Athens vacation rentals’ explosion boosts economy

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As Greece expects yet another boom in tourism this summer, short-term vacation rentals in Athens have reached new record-breaking levels.

According to the independent “Inside Airbnb” service, Athens properties listed on the popular platform have doubled since the beginning of 2017, currently surpassing 5,130.

In a crisis-stricken country, where homeownership has been a long-standing tradition, many proprietors have found it hard in recent years to cope with heavy taxation or mortgage on their properties. Short-term rental has given many of them a way out of their financial dead end, while others see in Airbnb a chance to multiply the profit they would normally make from traditional forms of lease.

“More and more owners of properties near the city center turn to Airbnb, because of the high touristic demand, the considerable earnings and the fiscal framework which still remains vague in Greece,” Dimitrios Vekakis, consultant for Niavis Real Estate and Ergon Investment told Xinhua. “Especially nowadays, not many people can afford to leave a property unexploited,” he added.

A survey conducted by Airbnb and Athens University of Economics and Business from October 2013 to September 2014 has found that 68 percent of the hosts claim that they rely on this income to stay afloat in difficult economic times.

“It offers a stable job that can be done by anyone. You don’t have to be specialized. A high-school graduate and a university professor alike can do this job more or less in the same way,” Demosthenes Tsopanakis told Xinhua inside the home he grew up in at the foothills of the Acropolis. “Who is better at this job only depends on their communication skills and how gifted they are in hospitality,” he added.

27-year-old Tsopanakis and his brother got into the short-term rental business in May 2016, although they had no previous experience in touristic operations. Until then, Tsopanakis didn’t have a stable job, while his younger brother was poorly paid in an office position.

“My family already owned this listed historic building, so we decided to put it on Airbnb and profit as much as we could from it,” he added. The impressive neoclassical building of the early 20th century with the beautiful Parthenon view became an instant hit. This encouraged the Tsopanakis brothers to go deeper in the short-rental industry.

They founded “House of Athens”, a company which now operates five more vacation residences of cultural value in the historical center of Athens and have plans of further expanding their business.

“In only one year, this job has given us very good earnings and has helped us lay a solid foundation for our professional future from a very young age,” Tsopanakis stressed.

According to the same survey, in only one year Airbnb boosted the Greek economy by 69 million euros (81.1 million U.S. dollars) and supported over 1,000 jobs, while attracting new visitors to Athens.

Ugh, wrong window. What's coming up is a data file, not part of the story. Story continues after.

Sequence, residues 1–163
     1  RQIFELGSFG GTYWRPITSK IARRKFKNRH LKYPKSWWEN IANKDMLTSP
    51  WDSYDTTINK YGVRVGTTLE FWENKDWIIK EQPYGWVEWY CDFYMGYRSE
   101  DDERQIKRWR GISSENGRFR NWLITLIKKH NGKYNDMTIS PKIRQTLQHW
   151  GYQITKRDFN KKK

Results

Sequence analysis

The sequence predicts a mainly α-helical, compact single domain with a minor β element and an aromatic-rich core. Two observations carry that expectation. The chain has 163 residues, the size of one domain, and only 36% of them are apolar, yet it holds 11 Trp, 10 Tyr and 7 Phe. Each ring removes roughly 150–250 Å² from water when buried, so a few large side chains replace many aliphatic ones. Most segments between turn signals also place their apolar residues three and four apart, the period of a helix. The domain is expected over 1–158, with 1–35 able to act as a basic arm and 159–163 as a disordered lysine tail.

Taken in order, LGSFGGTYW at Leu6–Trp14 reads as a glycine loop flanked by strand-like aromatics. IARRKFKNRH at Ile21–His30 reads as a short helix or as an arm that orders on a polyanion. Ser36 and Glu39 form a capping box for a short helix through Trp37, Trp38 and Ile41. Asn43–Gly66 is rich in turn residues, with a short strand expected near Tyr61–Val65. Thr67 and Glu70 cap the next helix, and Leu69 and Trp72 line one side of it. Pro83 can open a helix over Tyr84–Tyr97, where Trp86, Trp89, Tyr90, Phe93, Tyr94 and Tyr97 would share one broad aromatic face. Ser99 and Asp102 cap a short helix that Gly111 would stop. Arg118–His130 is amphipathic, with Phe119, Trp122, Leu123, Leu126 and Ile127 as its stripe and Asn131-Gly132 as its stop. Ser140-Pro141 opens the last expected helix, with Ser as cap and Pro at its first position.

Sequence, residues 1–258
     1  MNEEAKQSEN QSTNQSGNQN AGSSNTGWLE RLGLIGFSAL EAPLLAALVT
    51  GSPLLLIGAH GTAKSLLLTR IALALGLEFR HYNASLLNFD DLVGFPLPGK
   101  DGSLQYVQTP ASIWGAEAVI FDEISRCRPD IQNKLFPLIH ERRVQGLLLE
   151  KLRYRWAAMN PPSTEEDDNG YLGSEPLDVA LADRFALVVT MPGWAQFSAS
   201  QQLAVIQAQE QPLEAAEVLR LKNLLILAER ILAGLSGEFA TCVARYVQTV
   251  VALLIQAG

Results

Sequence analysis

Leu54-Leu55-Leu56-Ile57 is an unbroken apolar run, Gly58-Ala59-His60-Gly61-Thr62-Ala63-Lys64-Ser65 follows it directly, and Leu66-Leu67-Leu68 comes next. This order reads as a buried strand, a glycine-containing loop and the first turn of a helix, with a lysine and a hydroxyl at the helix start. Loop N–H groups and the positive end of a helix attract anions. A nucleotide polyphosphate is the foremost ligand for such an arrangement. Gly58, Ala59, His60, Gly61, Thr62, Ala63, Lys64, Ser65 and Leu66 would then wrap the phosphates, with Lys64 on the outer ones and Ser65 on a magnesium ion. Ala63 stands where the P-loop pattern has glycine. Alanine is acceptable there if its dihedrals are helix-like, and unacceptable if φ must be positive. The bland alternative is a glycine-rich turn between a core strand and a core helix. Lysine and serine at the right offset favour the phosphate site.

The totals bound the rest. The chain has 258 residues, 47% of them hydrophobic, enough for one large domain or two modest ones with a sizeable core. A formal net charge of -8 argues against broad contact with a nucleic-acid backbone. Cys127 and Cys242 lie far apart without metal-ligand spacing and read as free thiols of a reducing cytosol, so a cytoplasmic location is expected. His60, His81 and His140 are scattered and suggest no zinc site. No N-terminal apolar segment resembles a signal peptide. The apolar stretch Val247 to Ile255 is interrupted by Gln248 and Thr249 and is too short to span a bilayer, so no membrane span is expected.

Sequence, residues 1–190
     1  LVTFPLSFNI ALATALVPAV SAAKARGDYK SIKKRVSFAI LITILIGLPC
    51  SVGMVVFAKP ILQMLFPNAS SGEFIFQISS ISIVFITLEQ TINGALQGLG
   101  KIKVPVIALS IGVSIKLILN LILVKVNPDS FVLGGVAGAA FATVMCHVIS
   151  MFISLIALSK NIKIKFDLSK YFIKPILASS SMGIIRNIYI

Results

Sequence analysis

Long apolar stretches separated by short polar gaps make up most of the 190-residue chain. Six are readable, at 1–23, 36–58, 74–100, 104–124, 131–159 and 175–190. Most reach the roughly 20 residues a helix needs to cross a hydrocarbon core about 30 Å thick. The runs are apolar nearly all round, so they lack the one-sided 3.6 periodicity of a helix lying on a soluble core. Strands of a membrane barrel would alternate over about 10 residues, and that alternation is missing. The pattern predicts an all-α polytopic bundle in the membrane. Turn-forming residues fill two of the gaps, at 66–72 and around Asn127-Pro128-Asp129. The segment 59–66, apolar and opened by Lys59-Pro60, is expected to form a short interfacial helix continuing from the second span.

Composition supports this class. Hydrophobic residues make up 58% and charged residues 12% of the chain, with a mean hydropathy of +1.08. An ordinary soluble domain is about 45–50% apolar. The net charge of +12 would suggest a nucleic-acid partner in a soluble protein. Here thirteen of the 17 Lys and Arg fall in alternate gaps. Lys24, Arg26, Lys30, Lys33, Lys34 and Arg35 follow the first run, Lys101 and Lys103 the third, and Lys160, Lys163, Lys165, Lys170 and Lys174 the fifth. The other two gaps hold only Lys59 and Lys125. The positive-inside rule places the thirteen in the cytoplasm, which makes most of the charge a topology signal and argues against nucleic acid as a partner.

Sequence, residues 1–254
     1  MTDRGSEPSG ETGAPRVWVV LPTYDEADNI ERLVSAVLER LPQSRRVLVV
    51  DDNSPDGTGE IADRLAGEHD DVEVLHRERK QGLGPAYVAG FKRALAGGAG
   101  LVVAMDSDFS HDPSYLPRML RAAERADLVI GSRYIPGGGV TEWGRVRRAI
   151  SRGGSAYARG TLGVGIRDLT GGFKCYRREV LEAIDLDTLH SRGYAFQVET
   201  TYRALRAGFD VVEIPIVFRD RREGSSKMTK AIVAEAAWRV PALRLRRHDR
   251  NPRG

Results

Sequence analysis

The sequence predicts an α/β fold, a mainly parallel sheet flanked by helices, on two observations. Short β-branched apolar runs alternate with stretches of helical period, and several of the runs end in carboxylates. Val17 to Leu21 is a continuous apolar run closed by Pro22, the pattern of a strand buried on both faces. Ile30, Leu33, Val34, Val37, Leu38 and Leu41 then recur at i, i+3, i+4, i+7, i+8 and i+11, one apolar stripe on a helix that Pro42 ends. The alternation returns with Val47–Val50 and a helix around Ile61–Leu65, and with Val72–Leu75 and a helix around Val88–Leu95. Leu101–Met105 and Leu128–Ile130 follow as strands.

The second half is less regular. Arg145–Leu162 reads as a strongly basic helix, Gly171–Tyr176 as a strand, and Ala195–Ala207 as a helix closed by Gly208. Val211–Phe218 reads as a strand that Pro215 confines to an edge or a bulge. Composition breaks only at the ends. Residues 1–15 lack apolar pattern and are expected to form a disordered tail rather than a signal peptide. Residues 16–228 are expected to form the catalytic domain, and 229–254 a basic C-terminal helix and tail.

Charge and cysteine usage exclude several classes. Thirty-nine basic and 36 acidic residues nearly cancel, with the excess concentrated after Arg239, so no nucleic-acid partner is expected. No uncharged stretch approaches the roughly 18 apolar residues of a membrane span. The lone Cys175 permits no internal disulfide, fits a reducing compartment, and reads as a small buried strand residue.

However, little of this money seems to have found its way to public coffers, infuriating hotel owners who denounce unfair competition. Although laws have been passed by the Greek state in order to regulate the short-term rental market, their implementation is still pending, leaving an important legal and fiscal gap in the tourism industry.

As many visitors explain, the main reason behind Airbnb’s phenomenal success is that it meets the increasing need of modern travelers for a more genuine, immersive experience and offers them a chance to peek behind the scenes.

For Syrian-American traveler Farrah Hawana, picking an airbnb for her short stay in Athens was the apparent choice. As she told Xinhua, not only are vacation rentals often cheaper than hotel rooms, but also offer her privacy and a kitchen where she can cook her own meals and save money.

The decisive factor for her, however, is no other than the personal feeling that you would never get in a hotel. “The local touch is irreplaceable, and that’s really what makes tourism interesting,” Hawana said.

In Athens, vacation rentals can be found in more than 25 neighborhoods of the city, while 69 percent of the listings are not located in areas where someone would find hotels easily. As a result, Airbnb takes foreigners to traditionally residential areas, some of them seriously neglected, where until recently tourists would be a rare finding. And this new arrival slowly changes it all.

On the one hand, vacation rentals breathe new life into the small quarters, inducing a much needed urban facelift, encouraging new small businesses to pop up and boosting local economy and real estate market.

“Due to the economic crisis, there is a great number of properties in Athens for sale at very low prices. Lately we receive calls on a daily basis from people, especially foreign funds, who wish to invest in these properties, in order to exploit them as vacation rentals,” Vekakis stressed.

On the other hand, not everyone is happy with this turn. Long time, low income residents find it increasingly difficult to keep or find an affordable quality apartment to rent near the city center, which often leads to their eventual displacement.

“There have been many cases where owners discontinue the long-term lease of their property, in order to put it on Airbnb, because comparatively it’s more profitable, flexible and financially secure,” Vekakis explained.

Many fear that the shift in human geography will alter the unique character of central Athens quarters.

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